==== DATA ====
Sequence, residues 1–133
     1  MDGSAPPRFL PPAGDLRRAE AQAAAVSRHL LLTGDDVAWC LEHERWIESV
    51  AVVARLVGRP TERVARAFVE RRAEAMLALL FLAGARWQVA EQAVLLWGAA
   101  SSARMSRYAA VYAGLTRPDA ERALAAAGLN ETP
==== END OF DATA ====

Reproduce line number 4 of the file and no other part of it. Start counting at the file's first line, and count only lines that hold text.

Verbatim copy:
   101  SSARMSRYAA VYAGLTRPDA ERALAAAGLN ETP